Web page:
Two topics certain to be hot buttons in the near future are open source - particularly after the Australian Government Information Management Office's (AGIMO's) April release of its open source procurement guide fuelled interest across all levels of government - and participation of local small and medium enterprises (SMEs) in government contracts.
The latter issue has been ongoing for years, and Australian Computer Society national president Edward Mandla believes the appointment of state CIOs will provide the opportunity finally to clarify the government's position on the issue. Mandla points to recent Queensland government contracts, awarded to SAP even though the state is home to enterprise application stalwarts Mincom, Technology One and Orion, as examples where local industry development considerations have been ignored for seemingly arbitrary reasons.
"I find it difficult to believe that three Australian companies that designed payroll from the ground up over 10 to 15 years would be deficient [compared to SAP]," says Mandla. "If there's hardly any difference, I'm finding it difficult to see why [government buyers] wouldn't support local vendors."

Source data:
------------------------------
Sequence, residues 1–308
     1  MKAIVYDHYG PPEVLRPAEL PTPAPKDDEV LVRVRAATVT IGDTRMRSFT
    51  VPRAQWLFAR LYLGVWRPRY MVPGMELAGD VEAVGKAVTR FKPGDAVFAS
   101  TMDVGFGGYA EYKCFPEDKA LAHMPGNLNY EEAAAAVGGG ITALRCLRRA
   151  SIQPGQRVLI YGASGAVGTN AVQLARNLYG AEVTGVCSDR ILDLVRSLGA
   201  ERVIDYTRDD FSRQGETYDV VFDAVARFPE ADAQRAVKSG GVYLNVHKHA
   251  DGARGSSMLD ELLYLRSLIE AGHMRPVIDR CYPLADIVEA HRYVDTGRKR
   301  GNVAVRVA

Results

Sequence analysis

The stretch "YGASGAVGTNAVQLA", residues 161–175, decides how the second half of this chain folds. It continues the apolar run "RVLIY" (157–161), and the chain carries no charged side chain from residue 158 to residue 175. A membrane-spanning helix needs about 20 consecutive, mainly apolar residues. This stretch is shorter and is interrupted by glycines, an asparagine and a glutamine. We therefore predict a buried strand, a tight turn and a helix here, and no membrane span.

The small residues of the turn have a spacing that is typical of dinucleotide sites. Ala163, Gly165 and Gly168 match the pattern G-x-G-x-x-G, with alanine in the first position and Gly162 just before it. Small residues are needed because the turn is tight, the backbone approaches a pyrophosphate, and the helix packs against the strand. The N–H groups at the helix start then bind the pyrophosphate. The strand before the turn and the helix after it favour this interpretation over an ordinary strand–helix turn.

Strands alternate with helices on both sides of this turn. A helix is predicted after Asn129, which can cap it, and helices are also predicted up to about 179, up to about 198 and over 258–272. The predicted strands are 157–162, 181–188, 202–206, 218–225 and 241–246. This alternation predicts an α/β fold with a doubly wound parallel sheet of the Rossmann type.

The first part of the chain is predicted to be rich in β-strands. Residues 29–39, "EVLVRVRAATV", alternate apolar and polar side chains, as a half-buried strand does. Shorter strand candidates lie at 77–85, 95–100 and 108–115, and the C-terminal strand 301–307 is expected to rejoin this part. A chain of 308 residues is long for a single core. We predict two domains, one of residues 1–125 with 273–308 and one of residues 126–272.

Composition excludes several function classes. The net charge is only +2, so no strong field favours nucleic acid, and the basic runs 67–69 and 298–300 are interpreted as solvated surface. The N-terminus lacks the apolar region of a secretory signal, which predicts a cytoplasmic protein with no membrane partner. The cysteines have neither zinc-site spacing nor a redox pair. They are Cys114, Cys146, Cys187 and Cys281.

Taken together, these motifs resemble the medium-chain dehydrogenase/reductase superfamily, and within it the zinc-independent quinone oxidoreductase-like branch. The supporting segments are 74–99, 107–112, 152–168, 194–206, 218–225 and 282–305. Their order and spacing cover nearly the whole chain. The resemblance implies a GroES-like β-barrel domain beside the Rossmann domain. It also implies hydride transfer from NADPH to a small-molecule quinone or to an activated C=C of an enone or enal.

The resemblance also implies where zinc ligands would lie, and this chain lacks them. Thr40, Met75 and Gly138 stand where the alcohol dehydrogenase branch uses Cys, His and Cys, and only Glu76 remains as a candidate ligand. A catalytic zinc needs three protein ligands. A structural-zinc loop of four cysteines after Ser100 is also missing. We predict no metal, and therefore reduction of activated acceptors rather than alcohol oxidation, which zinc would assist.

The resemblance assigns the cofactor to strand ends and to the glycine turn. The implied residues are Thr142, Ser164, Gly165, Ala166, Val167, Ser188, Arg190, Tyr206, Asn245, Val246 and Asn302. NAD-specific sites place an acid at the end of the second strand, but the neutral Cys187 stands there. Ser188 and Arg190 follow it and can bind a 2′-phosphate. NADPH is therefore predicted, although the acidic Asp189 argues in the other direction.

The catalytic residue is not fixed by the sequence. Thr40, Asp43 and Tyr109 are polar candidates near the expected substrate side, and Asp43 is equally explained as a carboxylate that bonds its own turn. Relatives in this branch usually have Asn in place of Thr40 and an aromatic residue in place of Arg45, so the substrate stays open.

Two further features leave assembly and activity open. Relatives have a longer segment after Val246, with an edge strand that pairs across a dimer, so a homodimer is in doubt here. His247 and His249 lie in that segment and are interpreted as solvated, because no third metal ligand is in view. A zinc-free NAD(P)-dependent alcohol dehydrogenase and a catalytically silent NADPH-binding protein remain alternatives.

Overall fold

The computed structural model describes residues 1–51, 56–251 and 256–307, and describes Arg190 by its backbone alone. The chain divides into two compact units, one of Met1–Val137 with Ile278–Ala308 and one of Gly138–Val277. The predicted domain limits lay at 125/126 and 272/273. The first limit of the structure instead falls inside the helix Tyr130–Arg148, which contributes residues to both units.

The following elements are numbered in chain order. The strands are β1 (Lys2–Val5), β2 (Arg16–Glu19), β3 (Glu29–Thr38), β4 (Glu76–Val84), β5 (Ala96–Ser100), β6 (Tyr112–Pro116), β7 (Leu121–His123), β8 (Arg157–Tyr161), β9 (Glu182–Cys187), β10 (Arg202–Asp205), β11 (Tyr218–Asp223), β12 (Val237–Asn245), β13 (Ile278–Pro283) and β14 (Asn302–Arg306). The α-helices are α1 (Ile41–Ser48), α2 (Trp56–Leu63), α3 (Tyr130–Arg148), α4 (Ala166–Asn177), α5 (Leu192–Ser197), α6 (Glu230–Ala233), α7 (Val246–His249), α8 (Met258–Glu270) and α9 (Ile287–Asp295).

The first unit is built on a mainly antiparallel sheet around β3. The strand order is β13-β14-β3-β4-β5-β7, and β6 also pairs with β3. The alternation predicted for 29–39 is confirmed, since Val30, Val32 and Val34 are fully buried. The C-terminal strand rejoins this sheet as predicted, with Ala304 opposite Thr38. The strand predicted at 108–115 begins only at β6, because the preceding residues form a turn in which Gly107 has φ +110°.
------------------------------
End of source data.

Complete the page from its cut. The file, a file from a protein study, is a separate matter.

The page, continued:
States should clarify their feelings on SME development, Mandla argues, so that those SMEs can either work more closely with government agencies to ensure they are filling real needs, or so that SMEs can simply know once and for all that the government is not honestly committed to development of indigenous vendors.
"If a CIO could clearly articulate what they saw the problem was, you've already got researchers who could go invent something to be aligned rather than inventing something in the dark. Yet to my knowledge, no [SMEs] have ever been debriefed [after losing a contract] at a level of high enough granularity that they could go back and make changes."